Meet the Maker: Dreamtime Treasures
Julie Rodway from Dreamtime Treasures is a knitwear designer who creates colourful, characterful and quirky fingerless gloves, mittens and scarves, designed to make you smile on cold winter days. These are knits that not only warm your hands but your heart too. Julie starts by drawing an idea, before converting her design into a pattern grid and knitting it up on her vintage knitting machine. She talks to fellow colour lover and textile artist Sue Trevor about the intarsia knitting technique, her first foray into fingerless gloves and why she has a soft spot for sloths.
I like that you can make whatever you can imagine from one length of yarn.Julie Rodway, Dreamtime Treasures
Hi Julie, can I just start with WOW! I love, love, love how bright, colourful and adorable your animal gloves are. What led you to focusing on gloves – arguably some of the hardest attire to knit?
Hi Sue. I decided to make gloves as they are small and I wanted to make some gloves for my daughter to wear. At first I knitted them by hand. The first pair of gloves I made was on two knitting needles, as I don’t know how to intarsia knit on four needles. I used the intarsia knit method as it enables you to make a picture in knit. I like this method because you can have many colours in one row and draw anything, plus there are no floats on the inside to snag fingers.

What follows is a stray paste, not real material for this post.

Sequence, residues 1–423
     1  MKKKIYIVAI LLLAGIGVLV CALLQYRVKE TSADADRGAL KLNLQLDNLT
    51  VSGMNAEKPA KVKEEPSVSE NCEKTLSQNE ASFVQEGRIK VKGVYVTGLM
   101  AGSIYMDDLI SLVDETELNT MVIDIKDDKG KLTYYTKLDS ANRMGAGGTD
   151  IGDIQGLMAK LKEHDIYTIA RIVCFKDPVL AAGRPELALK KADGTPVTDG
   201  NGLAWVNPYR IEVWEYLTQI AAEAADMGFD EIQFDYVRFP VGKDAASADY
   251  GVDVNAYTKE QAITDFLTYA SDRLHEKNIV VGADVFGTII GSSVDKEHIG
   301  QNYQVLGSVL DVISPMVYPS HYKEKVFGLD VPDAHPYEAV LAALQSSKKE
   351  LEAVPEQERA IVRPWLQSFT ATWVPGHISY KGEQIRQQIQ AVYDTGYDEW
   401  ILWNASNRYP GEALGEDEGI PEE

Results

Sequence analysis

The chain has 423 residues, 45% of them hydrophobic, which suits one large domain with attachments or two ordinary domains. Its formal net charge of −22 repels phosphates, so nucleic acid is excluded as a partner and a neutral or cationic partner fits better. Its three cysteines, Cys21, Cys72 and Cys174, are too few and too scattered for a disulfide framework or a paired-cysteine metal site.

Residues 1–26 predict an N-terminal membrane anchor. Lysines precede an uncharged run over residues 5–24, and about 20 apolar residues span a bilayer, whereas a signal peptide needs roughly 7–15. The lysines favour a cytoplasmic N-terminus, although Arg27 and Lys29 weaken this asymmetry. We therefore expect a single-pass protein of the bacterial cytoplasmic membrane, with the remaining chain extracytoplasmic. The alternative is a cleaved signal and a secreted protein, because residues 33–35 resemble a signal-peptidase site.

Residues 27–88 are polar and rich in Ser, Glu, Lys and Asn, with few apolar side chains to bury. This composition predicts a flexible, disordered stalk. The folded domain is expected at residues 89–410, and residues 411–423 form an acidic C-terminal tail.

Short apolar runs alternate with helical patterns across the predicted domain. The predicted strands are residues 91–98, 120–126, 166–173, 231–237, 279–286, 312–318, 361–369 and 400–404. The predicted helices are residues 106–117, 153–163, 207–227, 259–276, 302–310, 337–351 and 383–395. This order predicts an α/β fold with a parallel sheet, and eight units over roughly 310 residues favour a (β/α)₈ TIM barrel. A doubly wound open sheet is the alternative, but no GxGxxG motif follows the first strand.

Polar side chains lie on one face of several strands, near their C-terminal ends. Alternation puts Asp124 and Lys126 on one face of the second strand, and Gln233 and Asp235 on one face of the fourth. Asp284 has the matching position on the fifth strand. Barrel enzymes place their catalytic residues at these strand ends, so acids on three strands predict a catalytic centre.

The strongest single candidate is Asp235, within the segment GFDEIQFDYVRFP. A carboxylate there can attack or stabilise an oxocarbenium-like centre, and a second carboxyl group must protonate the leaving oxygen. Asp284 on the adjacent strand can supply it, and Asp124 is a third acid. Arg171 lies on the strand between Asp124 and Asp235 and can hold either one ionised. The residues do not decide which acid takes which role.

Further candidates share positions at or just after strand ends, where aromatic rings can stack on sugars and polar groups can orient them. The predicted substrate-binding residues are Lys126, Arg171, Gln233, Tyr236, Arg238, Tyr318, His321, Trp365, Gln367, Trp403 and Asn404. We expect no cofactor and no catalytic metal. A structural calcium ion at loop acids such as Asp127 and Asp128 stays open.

To make an intarsia knit design you first need to draw a picture of your design. You then knit a sample swatch in your yarn to get the tension of your knit and make a pattern grid from the tension square, with the squares on the grid being the size of a stitch. You then mark out the size of your glove on the grid and draw your picture in actual size on to it. So I measured my daughter’s hand and worked out the size of fingerless gloves I wanted to make for her. This seemed the easiest way to do it – as there wasn’t any shaping for fingers or mittens, I just had to decide where the thumb went.
Once I’d made the first pair I was hooked and wanted to make more, different, colourful designs. I went on to make them in adult sizes for me to wear. I like that they are practical, as they keep your hands warm but you can still knit, sew, draw and craft on chilly days. I always wanted them to be bright and fun too.
My sloth gloves are my most popular design and my favourite animal too. I love how slow they are. They seem so chilled hanging out in the trees. They always make me smile.Julie Rodway, Dreamtime Treasures
Which is your favourite animal to knit?